Eastern Railway has put in “a word of gratitude” for its passengers. They have all been remarkably patient while the old signalling system at Howrah station was being replaced with “a new and modern one”. It claims to have completed the replacement in record time, with train services having resumed since Sunday morning. This was certainly a mammoth task, and the tone of self-congratulation is understandable. But the reality, at the passengers’ end, was not quite what the chief operations manager’s public words seemed to claim, although the small print left room for “some detentions” and resulting “inconvenience”. The self-congratulation has to be qualified on two counts. First, the railways took much longer than declared to make the transition. Even as late as Monday morning the situation at Howrah station was fairly chaotic. A fifth of the suburban trains had been cancelled, and five long-distance ones resche- duled. Operational hitches in the new signalling systems kept seriously deferring the resumption of normal services. Even if this could be explained as part of the inevitabilities of such a transition from old to new, Eastern Railway’s second failure is far more inexcusable.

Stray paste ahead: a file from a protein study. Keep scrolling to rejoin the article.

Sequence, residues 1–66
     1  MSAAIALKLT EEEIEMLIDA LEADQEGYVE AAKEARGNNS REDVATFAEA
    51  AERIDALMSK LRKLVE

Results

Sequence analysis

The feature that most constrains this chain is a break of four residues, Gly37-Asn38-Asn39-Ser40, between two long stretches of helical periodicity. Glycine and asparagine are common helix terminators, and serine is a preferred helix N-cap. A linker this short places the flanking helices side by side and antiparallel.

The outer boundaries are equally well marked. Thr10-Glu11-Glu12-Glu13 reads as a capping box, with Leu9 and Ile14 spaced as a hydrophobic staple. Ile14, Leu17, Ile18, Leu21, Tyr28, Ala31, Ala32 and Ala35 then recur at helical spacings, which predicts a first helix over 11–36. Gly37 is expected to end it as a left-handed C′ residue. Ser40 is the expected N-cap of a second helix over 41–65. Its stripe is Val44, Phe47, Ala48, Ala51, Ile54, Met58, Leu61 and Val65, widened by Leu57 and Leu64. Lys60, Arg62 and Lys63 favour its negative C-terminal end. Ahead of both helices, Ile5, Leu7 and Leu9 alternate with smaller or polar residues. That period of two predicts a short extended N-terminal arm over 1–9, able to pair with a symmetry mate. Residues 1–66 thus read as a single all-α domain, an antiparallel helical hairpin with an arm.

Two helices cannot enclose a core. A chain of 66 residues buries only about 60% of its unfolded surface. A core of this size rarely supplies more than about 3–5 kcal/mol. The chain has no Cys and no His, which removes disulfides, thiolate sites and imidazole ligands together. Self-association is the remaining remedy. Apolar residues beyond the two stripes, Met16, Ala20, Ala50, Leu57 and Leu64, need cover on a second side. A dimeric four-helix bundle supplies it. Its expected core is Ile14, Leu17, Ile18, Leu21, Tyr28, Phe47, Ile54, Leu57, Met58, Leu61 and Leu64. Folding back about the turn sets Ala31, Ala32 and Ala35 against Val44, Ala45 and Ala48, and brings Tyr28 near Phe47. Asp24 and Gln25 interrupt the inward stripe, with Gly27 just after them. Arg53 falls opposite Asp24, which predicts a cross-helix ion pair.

The alternative arrangements made in Sealdah and other suburban stations were far from satisfactory, showing at various levels the railways’ inability to come to a realistic appraisal of the magnitude of the required arrangements. The authorities seemed to have been quite unaware of the immense number of people who use the trains every day to come into Calcutta. The other suburban stations to which commuters were directed, as an alternative arrangement, were simply not up to bearing the load of such numbers, and this had made it impossible for many to board trains, seriously upsetting everybody’s schedules. The infrastructure of buses and taxis, although notionally kept running to stand in for the stalled services, also failed to spare the commuters’ nerves. A safer, more efficient and altogether more modern signalling system is certainly welcome, but the transition to it could have been better managed.